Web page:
Lincoln in the Bardo by George Saunders
A Novel

78%

47 Critic Reviews

It’s a key moment in the novel, in which the political life of the nation blurs into the emotional life of the president, and Saunders uses it to astonishing effect...
-LA Times

Synopsis

#1 NEW YORK TIMES BESTSELLER • The long-awaited first novel from the author of Tenth of December: a moving and original father-son story featuring none other than Abraham Lincoln, as well as an unforgettable cast of supporting characters, living and dead, historical and invented

February 1862. The Civil War is less than one year old. The fighting has begun in earnest, and the nation has begun to realize it is in for a long, bloody struggle. Meanwhile, President Lincoln’s beloved eleven-year-old son, Willie, lies upstairs in the White House, gravely ill. In a matter of days, despite predictions of a recovery, Willie dies and is laid to rest in a Georgetown cemetery. “My poor boy, he was too good for this earth,” the president says at the time. “God has called him home.” Newspapers report that a grief-stricken Lincoln returns, alone, to the crypt several times to hold his boy’s body.

From that seed of historical truth, George Saunders spins an unforgettable story of familial love and loss that breaks free of its realistic, historical framework into a supernatural realm both hilarious and terrifying. Willie Lincoln finds himself in a strange purgatory where ghosts mingle, gripe, commiserate, quarrel, and enact bizarre acts of penance. Within this transitional state—called, in the Tibetan tradition, the bardo—a monumental struggle erupts over young Willie’s soul.

Lincoln in the Bardo
 is an astonishing feat of imagination and a bold step forward from one of the most important and influential writers of his generation. Formally daring, generous in spirit, deeply concerned with matters of the heart, it is a testament to fiction’s ability to speak honestly and powerfully to the things that really matter to us. Saunders has invented a thrilling new form that deploys a kaleidoscopic, theatrical panorama of voices to ask a timeless, profound question: How do we live and love when we know that everything we love must end?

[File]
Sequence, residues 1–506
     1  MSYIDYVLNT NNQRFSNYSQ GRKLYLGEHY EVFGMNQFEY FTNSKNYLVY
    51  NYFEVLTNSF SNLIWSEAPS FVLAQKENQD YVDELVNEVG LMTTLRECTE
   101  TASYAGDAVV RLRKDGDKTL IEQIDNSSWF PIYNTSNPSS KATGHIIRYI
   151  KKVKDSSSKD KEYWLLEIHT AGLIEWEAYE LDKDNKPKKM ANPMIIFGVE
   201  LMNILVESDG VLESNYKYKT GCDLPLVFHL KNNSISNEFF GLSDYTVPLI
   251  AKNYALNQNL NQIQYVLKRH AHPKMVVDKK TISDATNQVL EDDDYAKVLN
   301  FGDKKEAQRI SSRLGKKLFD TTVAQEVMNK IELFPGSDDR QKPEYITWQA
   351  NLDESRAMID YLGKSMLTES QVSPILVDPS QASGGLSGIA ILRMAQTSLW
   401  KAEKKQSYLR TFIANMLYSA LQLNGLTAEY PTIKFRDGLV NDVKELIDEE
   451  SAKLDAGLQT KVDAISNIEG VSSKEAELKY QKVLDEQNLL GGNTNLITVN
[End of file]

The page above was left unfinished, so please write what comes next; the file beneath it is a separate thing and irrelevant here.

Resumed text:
Praise for Lincoln in the Bardo

“A luminous feat of generosity and humanism.”—Colson Whitehead, The New York Times Book Review

“A masterpiece.”Zadie Smith

“Ingenious . . . Saunders—well on his way toward becoming a twenty-first-century Twain—crafts an American patchwork of love and loss, giving shape to our foundational sorrows.”—Vogue

“Saunders is the most humane American writer working today.”—Harper’s Magazine

“The novel beats with a present-day urgency—a nation at war with itself, the unbearable grief of a father who has lost a child, and a howling congregation of ghosts, as divided in death as in life, unwilling to move on.”—Vanity Fair

“A brilliant, Buddhist reimagining of an American story of great loss and great love.”—Elle

“Wildly imaginative”—Marie Claire

“Mesmerizing . . . Dantesque . . . A haunting American ballad.”—Publishers Weekly (starred review)

“Exhilarating . . . Ruthless and relentless in its evocation not only of Lincoln and his quandary, but also of the tenuous existential state shared by all of us.” —Kirkus Reviews (starred review)

“It’s unlike anything you’ve ever read, except that the grotesque humor, pathos, and, ultimately, human kindness at its core mark it as a work that could come only from Saunders.”—The National
 

About George Saunders

See more books from this Author
George Saunders is the author of Tenth of December; In Persuasion Nation; The Brief and Frightening Reign of Phil; Pastoralia; CivilWarLand in Bad Decline; The Braindead Megaphone; and a children's book, The Very Persistent Gappers of Frip. His work appears regularly in the New Yorker, Harper's and GQ. In 2006, he was awarded a MacArthur Foundation "genius grant."
 
Published February 14, 2017 by Random House. 367 pages
Genres: History, Science Fiction & Fantasy, Literature & Fiction, Horror. Fiction
Bestseller Status:
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Peak Rank on Mar 05 2017
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Weeks as Bestseller
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Critic reviews for Lincoln in the Bardo